From aboard the IMDboat at San Diego Comic-Con, Kevin Smith talks to the cast of "Teen Wolf" about the solemn yet celebratory panel for the upcoming season. This news and more in our Guide to Comic-Con.
Forty-year-old Christine Lucas wakes up in bed with a man she does not know, in an unfamiliar house. The man explains that he is her husband, Ben, and that she suffered brain damage from a car accident ten years earlier. Christine wakes up every morning with no memory of her life from her early twenties onwards. Christine receives treatment from Dr. Nasch, a neurologist at a local hospital who provides her a camera to record her thoughts and progress each day, and calls her every morning to remind her to watch the video in the camera. Soon, she starts to discover the truth around her. Written by
This was the last feature film to use Fuji 35mm film stock. Production of this film stock ceased at this time. See more »
During the first time Dr.Nasch is driving, in a right-hand-drive car, the car is shown coming around a long right curve in a parking garage and he is on the right (wrong side of the road for England). However, that isn't a two-way road - it's simply the Down ramp into an underground garage, where the exit is a separate Up ramp. See more »
Who are you?
I'm your husband... Ben.
We got married in 1999. That was 14 years ago. Christine, you're 40.
[hands her her clothes]
You had an accident. It was a bad accident. You had head injuries. And you have problems remembering things.
What things? What...?
Everything. You store up information for a day, and when you wake up in the morning, it's all gone. You're back to your early 20s. You'll be okay. Just... trust me.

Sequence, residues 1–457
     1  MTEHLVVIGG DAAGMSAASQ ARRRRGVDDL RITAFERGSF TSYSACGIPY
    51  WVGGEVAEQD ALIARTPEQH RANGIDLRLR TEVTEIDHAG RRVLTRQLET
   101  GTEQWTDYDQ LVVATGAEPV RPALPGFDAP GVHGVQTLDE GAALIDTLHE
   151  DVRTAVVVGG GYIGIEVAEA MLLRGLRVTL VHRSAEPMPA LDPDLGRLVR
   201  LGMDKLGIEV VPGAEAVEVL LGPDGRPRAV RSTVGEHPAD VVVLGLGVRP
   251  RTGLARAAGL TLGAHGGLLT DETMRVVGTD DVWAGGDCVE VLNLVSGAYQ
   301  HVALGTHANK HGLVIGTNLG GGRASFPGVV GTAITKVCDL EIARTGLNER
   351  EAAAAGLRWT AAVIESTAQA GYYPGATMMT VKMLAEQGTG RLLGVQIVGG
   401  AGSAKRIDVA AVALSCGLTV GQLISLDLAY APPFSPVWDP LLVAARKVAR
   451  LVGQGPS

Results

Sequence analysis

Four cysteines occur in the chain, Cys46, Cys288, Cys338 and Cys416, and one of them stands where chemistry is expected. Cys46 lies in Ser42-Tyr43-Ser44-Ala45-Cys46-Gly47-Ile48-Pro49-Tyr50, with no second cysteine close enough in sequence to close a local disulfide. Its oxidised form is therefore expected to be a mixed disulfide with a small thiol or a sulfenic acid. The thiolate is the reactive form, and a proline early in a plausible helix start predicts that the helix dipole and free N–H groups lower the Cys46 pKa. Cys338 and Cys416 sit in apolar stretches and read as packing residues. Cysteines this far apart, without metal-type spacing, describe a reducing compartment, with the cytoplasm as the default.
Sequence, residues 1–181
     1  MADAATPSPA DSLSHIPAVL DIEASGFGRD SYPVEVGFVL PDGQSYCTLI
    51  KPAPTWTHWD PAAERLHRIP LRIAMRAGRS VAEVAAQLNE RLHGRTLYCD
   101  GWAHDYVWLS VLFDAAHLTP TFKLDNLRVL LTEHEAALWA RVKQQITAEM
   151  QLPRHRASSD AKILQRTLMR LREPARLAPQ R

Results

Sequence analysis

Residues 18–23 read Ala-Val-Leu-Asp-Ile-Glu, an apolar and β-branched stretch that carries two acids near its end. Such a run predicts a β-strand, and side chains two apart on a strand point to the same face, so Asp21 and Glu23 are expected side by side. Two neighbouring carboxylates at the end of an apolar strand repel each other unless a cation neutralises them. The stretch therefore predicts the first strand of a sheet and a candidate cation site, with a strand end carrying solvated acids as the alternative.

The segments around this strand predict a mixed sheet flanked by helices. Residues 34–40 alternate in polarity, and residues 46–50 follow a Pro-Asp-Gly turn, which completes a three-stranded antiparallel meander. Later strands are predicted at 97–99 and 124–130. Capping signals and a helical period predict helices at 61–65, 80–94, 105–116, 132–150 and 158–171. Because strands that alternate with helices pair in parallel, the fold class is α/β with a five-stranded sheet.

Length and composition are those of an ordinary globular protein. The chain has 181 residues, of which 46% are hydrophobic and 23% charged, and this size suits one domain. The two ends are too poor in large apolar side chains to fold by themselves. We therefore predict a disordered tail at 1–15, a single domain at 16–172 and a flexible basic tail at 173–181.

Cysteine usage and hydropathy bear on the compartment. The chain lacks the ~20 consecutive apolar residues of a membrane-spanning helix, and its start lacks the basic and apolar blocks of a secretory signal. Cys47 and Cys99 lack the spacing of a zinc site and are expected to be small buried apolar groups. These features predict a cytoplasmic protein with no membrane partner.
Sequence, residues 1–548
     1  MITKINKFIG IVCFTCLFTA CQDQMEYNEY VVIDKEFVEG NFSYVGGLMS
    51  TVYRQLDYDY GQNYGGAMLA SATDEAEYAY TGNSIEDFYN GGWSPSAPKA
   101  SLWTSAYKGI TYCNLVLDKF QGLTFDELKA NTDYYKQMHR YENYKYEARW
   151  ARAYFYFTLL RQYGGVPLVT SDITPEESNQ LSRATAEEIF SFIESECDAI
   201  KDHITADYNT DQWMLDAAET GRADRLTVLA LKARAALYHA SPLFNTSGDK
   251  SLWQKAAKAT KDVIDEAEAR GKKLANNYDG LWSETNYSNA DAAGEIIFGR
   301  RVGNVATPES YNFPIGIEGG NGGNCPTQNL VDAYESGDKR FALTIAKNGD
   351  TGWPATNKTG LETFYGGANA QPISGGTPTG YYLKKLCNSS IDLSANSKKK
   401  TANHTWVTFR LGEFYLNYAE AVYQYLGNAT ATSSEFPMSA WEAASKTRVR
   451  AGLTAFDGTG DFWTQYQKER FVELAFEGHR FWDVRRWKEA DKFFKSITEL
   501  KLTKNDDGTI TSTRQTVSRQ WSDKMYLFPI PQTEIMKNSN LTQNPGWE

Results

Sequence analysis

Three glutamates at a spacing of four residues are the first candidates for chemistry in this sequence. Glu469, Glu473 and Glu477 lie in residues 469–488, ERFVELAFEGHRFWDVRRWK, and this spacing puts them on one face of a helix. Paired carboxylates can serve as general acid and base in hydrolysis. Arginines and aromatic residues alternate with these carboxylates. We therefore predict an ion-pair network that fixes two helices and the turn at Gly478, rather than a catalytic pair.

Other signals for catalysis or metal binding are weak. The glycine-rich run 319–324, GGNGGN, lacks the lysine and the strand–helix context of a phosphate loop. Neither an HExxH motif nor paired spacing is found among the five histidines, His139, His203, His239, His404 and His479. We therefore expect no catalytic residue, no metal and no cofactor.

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A badly scripted and directed mishmash in which Kidman, Firth and Strong act brilliantly but can't overcome the dreadful limitations of what's put before us. Suspension of disbelief just doesn't happen for this viewer. Can a chemistry teacher afford a house this plush (in London yet)? Who does the shopping, cooking, cleaning? How come over four years there's zero interaction with neighbours or any of the people one encounters daily in real life? In every scene I found myself thinking "hang on, but...". You just can't get away with this kind of situation as if the rest of the world doesn't exist. Striking example of the problem: the scene when Kidman goes to Firth's school. He's clearly truly a chemistry teacher there. Wouldn't the other staff (if not the kids, too) know the situation, with so many years gone by since the incident that left Kidman amnesic? Sorry: when things just don't wash, the hogwash sensation rears its head, and a thriller like this can't survive the hogwash sensation. The whole thing looks inappropriately sumptuous (fault of direction, sets and cinematography) and overall it just induces irritation instead of enthralment. The plot twists are crashingly predictable. Amnesia is strongly recommended for those who bother to watch this pedestrian film.
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